Waiting for Queen Lime Orange.


After seeing the beautiful zinnias that several of my fellow bloggers have showed on their sites, I was plotting  through the winter how I could create my own display, featuring my favorite colors that I rarely find in the local nurseries anymore. Others have told me that they have had a similar experience to mine, of ending up with mostly magenta flowers, when they buy a mix of zinnia starts in a six-pack.

So I bought four packets of seeds, and started most of them in the greenhouse. When many of those seedlings mysteriously died, I bought single plants in the nurseries, 4-inch pots in which the buds were beginning to open, and didn’t appear to be magenta. Two coral colored to begin with, and later, true orange. And I planted seeds again, at the end of June, directly into the ground or pots.

The seeds I planted the most of were called Fruity Beauty mix. They came in a clear cellophane packet, but online they are advertised to look like this:

Now various of the seed-started are beginning to bloom.  I’m not sure which are which, I think I got a little mixed up, and lost some tags. Maybe when they have fully opened and all bloomed I will be able to tell more. But I think I am still waiting for the Queen Lime Orange ones. Every day there is a new flower to look at and rejoice over.

I’m also thrilled to have eggplant this summer; and true Echinacea Purpurea, Purple Coneflower, which flourished for years and years in my old garden. The interesting subspecies of echinacea in various colors that were installed in my new landscape have mostly died out. It took me a few years to find good plants of the “regular” type at the right time, but now I those are in bloom, too.

The white echinacea are very enduring, too. They are in the front garden, and faithfully grow up tall and elegant every summer. They seem to make more flowers every season.

This last picture I think of as Lovely Layers. There is a whole community of plants at their peak here, from the echinacea on the right to the volunteer sunflower poking out from under the asparagus fronds on the left… yellow abutilon against the fence and golden marguerite in front of that, and even lamb’s ears and salvia sticking up. My cup runneth over with these sunny gifts of high summer.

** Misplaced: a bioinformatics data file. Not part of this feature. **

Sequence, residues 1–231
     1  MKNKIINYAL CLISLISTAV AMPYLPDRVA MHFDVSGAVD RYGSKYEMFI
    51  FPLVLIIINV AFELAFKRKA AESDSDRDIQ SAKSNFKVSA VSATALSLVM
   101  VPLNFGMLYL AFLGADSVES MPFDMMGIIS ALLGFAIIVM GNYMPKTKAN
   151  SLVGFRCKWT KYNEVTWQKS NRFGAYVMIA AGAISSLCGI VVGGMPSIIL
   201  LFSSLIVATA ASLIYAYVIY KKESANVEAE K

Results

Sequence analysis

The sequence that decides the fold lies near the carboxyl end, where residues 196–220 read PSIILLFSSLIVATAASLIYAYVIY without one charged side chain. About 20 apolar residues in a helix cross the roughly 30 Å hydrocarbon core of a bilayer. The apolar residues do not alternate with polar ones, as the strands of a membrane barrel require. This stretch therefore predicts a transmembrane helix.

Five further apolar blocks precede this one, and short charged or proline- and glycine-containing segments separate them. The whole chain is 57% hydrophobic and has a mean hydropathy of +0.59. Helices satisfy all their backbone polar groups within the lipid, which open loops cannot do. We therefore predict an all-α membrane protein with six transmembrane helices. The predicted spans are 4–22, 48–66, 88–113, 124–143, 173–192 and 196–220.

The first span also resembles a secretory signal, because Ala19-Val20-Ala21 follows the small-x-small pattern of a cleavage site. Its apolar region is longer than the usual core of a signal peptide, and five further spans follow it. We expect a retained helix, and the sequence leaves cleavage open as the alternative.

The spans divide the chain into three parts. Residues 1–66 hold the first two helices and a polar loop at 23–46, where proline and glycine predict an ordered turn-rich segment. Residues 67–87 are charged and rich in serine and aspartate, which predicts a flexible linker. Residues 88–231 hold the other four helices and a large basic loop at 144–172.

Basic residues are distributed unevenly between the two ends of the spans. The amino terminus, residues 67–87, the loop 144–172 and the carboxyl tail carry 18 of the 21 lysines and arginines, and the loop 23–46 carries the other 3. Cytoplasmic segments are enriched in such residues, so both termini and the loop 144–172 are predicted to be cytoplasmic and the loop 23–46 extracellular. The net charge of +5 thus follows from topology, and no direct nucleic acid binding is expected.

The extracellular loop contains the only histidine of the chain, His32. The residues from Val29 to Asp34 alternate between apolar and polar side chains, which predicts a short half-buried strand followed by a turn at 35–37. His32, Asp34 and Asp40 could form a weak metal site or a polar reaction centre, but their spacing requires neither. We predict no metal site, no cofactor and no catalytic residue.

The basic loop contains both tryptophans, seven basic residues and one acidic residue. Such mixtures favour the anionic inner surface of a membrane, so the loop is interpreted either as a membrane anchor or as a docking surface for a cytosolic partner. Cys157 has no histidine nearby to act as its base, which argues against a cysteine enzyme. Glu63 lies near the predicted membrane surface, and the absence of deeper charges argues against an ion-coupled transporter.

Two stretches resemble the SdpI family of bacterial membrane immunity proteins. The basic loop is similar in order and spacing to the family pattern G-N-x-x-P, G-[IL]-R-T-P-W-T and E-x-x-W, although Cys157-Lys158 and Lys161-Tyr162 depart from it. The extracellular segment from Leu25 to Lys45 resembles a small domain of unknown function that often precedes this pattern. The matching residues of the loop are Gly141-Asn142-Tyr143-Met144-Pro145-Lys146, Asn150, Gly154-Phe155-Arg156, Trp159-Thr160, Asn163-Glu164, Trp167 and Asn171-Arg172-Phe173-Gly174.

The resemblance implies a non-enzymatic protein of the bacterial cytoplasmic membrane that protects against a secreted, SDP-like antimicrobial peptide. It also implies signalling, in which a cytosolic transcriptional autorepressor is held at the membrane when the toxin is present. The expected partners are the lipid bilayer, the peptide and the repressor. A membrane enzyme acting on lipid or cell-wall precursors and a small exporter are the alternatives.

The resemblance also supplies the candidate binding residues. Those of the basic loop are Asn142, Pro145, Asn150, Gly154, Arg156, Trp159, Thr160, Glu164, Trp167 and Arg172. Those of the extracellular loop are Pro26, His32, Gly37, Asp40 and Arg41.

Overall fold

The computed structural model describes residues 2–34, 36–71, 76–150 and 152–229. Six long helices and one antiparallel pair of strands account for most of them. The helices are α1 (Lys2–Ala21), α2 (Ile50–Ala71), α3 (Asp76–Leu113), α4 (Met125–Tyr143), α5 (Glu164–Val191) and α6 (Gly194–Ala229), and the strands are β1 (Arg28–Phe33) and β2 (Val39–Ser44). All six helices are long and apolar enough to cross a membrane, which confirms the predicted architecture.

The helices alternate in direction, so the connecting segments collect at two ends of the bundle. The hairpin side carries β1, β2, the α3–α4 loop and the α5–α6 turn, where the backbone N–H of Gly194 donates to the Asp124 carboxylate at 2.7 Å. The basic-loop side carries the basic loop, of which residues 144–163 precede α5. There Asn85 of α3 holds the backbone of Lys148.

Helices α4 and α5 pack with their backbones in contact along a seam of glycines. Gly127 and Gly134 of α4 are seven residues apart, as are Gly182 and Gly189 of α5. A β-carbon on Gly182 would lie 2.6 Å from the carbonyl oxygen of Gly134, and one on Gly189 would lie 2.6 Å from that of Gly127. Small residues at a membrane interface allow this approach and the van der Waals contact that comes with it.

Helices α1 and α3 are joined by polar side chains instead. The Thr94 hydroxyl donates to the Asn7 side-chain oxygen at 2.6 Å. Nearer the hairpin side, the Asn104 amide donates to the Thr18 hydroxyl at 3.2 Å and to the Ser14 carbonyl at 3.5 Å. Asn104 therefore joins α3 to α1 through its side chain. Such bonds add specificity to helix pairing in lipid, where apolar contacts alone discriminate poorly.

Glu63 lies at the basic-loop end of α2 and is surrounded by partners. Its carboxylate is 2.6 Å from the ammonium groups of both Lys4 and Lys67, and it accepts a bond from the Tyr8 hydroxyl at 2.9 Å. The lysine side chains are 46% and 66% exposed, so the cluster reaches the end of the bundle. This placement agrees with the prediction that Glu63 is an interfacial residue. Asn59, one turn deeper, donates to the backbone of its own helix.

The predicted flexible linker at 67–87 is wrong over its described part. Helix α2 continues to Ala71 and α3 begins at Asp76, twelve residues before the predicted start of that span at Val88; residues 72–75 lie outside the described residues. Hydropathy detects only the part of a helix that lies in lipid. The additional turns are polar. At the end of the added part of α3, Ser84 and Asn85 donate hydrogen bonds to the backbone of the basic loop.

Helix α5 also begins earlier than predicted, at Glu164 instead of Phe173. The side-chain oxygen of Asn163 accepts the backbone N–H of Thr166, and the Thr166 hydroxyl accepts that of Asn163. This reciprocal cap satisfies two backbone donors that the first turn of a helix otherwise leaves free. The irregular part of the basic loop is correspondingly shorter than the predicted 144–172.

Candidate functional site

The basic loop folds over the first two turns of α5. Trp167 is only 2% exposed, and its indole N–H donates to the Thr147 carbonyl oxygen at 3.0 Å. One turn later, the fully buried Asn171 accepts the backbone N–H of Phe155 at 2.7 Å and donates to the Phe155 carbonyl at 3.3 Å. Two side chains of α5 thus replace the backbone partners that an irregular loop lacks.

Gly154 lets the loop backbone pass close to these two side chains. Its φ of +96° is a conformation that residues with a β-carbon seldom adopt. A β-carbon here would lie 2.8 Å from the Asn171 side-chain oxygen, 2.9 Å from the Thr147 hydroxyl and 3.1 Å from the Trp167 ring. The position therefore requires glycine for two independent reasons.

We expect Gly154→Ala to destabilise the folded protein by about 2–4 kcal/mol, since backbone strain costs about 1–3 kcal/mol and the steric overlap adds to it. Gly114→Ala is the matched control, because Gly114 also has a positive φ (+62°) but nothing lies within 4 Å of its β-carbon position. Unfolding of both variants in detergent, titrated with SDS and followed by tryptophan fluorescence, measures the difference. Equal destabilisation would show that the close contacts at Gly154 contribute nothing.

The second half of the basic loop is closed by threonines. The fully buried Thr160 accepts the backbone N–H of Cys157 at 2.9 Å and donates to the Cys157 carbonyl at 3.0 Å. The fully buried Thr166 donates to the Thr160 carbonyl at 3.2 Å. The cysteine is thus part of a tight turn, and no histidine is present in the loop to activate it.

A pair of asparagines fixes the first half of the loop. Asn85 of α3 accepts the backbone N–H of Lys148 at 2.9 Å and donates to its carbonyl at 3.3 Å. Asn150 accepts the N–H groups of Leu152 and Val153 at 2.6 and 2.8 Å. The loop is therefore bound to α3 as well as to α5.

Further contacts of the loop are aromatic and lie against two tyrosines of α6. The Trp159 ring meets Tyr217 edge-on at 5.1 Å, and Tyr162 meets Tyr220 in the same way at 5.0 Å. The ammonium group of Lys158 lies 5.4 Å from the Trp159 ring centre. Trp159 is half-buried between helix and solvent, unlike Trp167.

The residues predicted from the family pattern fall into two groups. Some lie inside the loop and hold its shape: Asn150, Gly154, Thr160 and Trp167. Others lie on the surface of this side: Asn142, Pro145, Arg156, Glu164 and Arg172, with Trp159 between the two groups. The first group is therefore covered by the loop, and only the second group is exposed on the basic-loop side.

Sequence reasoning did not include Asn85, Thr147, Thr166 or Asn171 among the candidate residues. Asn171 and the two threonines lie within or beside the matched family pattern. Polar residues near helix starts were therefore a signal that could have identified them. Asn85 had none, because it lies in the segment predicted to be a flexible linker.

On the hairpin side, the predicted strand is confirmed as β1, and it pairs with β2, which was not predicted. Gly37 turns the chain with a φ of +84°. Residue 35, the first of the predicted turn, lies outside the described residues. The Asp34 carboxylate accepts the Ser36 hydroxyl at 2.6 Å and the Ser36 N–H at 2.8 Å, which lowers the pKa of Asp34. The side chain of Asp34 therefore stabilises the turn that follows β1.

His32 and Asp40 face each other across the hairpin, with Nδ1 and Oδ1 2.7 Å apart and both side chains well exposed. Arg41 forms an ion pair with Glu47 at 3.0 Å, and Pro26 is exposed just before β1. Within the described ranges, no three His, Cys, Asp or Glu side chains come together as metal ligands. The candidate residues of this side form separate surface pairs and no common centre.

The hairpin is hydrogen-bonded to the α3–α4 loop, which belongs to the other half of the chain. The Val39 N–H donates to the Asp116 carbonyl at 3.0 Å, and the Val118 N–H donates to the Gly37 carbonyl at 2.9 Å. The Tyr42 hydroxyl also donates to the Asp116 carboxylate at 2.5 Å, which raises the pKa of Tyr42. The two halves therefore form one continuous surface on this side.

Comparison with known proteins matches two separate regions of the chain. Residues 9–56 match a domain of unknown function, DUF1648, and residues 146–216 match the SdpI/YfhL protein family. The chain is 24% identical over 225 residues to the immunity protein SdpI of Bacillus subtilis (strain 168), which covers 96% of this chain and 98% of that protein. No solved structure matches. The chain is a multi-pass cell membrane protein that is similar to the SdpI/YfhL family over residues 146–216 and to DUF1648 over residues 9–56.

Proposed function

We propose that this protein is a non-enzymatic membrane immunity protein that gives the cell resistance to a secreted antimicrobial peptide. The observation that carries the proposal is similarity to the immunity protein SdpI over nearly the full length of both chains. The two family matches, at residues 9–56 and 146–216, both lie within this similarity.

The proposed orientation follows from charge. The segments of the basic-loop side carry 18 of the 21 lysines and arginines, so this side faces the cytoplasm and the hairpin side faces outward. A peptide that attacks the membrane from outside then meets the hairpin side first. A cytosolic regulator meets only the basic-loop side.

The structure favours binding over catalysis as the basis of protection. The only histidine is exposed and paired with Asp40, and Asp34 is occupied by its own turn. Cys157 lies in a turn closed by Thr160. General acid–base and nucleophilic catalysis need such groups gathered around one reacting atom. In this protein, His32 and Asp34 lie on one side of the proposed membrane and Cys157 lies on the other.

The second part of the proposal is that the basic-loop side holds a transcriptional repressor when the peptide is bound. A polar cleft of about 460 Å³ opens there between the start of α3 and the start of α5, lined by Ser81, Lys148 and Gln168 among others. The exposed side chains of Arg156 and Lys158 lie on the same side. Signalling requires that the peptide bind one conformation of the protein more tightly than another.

9 thoughts on “Waiting for Queen Lime Orange.

  1. The zinnias are lovely. A friend gave me some of her seeds last year, which I think I froze, but I forgot about them and did not plant them this spring. It’s too hot here to garden in summer — for me. So our yard looks tired and dull green, and I try not to think of how it might be if I could tolerate the heat and working out there in the baking sun.


  2. Your garden looks colourfully beautiful. I am so pleased that zinnias have come into ‘garden fashion’ again and look forward to planting seeds once our weather begins to warm up.


  3. I love Zinnias! Sunflowers and zinnias are the two things I can grow. The best seeds I have used have been Renee’s. She has a kind called Happy Birthday that are the prettiest red. The seeds I have bought from her have come back year after year. Your gardens are beautiful.


  4. Your garden is looking terrific, Gretchen. Zinnias are one of my favorites (but I don’t have any growing this year). I do have a few (not enough) coneflowers, though, and I do love those! You can tell your plants get a lot of love!


  5. I love all your wonderful flowers. The zinnias that I had in one area were badly bug-eaten and are slowly recuperating. Others are in bloom and making me so happy! It’s uncommonly hot here this week. 35C which I believe 95F and the zinnias are looking a little stressed. As are many people. I’m looking forward to some cooler weather.

    Liked by 1 person

  6. Beautiful! I love zinnias, too. My grandmother used to put them in the middle of angel food cakes for summer birthdays (hers was in August). I have started seeds twice here, but the first batch dried up, and the second set are in pots in the shade and have just grown leggy, but no buds. They were old seeds I harvested from the ones I had planted in Coronado, so they may not be very hearty, and it has been hot, hot, hot here. The best display of zinnias I had was in Virginia, where I had them planted in front of cosmos, and they would self-seed each year. Such cheerful colors!


  7. My zinnias are ready to bloom, we just noticed the ball like bud atop! The Echinacea are pretty. My mother has them in her garden. Do you know which part of the plant to harvest for medicinal purposes, like tea?


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